It's sad when people who are talented and driven and successful decide that their success isn't good enough and they have to take it to the next level by dishonest means.

I wonder if Tom Herman (Kaleil's partner at GovWorks and partner at KIT) is going to get wrapped up in this too. I hope not since Tom came across as a nice enough guy in the film. https://www.linkedin.com/in/tomherman

Watched the film in 2001, still waiting for USPS to start scanning my PO Box mail and email it to me.

Actually, they don't have to go that far. I'd take a simple email notifying me that I HAVE mail in my PO Box, and maybe who it's from. Would save me a trip a week probably.

I think you're thinking of the wrong thing. govWorks was more of a digitization of traffic ticket payment/appeal, property registration, and other minor government admin processes. You must be thinking of Startup Junkies, which was a series on MoJo - a former/original HD channel.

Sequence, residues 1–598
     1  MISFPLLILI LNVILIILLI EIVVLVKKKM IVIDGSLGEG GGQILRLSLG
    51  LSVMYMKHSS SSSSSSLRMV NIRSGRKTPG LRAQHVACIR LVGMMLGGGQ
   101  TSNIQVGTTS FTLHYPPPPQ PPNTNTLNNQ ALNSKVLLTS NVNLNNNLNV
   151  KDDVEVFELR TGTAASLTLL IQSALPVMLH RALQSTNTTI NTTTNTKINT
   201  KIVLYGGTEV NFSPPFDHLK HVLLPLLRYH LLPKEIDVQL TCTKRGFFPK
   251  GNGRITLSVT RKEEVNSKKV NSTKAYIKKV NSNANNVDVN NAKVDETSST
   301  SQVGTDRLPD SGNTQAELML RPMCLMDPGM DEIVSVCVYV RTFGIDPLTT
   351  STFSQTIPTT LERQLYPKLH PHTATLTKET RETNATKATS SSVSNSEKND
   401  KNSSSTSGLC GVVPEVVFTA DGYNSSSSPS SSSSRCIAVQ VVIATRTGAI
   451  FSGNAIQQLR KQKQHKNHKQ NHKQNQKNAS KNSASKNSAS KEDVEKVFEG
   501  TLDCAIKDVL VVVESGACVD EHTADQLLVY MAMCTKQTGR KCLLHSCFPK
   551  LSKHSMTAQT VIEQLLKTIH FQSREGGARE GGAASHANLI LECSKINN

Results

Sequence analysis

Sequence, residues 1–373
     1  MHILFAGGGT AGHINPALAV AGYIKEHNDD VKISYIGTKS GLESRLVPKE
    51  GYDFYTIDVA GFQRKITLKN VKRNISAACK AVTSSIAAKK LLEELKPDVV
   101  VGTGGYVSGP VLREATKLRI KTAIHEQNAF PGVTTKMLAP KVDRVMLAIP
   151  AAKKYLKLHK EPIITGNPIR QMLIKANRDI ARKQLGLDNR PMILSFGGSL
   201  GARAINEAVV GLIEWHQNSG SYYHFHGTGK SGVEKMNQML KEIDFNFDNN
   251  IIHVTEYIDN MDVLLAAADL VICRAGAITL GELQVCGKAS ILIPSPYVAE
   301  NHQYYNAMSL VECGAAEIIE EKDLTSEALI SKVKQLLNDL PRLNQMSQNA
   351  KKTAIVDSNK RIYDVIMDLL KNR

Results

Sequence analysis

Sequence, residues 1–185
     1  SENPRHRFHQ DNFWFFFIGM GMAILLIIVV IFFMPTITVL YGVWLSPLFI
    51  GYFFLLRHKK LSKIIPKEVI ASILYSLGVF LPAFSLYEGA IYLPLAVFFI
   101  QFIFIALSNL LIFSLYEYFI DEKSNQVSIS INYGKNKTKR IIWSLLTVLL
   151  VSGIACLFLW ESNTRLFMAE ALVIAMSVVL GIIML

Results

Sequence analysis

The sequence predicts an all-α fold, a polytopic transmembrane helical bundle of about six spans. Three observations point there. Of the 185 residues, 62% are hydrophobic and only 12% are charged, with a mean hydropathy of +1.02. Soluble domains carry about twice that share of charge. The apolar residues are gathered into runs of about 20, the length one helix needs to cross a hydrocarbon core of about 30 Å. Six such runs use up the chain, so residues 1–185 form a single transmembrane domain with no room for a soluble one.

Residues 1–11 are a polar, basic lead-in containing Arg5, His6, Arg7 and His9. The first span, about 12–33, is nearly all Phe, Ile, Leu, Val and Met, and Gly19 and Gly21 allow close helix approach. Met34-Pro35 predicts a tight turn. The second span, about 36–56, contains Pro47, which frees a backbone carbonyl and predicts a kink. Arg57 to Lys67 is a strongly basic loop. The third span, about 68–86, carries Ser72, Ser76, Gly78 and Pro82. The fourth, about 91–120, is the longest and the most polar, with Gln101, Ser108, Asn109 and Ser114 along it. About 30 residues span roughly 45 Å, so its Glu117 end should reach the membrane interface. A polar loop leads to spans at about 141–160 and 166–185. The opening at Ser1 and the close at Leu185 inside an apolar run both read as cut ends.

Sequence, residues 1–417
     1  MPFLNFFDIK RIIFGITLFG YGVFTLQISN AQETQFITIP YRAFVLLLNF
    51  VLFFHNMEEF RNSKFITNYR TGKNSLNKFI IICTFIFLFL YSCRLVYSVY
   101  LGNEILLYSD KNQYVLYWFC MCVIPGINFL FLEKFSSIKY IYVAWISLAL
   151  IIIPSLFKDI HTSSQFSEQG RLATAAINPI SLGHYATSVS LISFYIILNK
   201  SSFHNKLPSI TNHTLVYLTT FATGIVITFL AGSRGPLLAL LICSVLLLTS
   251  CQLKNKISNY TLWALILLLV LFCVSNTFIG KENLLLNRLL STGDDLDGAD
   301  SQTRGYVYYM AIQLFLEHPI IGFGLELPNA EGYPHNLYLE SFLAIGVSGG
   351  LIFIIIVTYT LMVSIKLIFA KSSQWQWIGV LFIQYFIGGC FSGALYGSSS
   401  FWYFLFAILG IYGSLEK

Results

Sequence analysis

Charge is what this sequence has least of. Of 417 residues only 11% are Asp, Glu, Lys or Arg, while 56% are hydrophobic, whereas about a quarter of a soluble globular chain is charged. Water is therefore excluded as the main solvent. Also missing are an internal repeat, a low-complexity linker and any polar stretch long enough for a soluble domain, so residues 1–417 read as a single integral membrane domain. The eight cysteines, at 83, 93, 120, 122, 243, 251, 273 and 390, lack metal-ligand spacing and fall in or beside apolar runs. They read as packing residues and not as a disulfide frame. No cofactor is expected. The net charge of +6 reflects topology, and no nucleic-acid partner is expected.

I remember seeing this on the USPS website a while back, but I haven't tried it myself yet.

I haven't been able to find a way to try this. I'm not sure that it exists yet, at least not everywhere. Seems like each year someone posts something saying that it may be coming, but I personally haven't seen it yet.

Have you considered using a registered agent service, e.g., Virtual Post Mail and Earth Class Mail? They do this, along with other services like check deposit, and it's only marginally more expensive than a PO box.

Earth Class Mail filed for bankruptcy recently


Edit: They're also who I thought this was about. I get Startup.com and Start-up Junkies mixed up. Start-up Junkies followed Earth Class Mail, and was also pretty interesting.

ECM is still very much functional, fortunately, this seemed like some kind of a restructuring move.

Disclaimer: customer for many years

Yes and no. I really want the service as part of my local post office.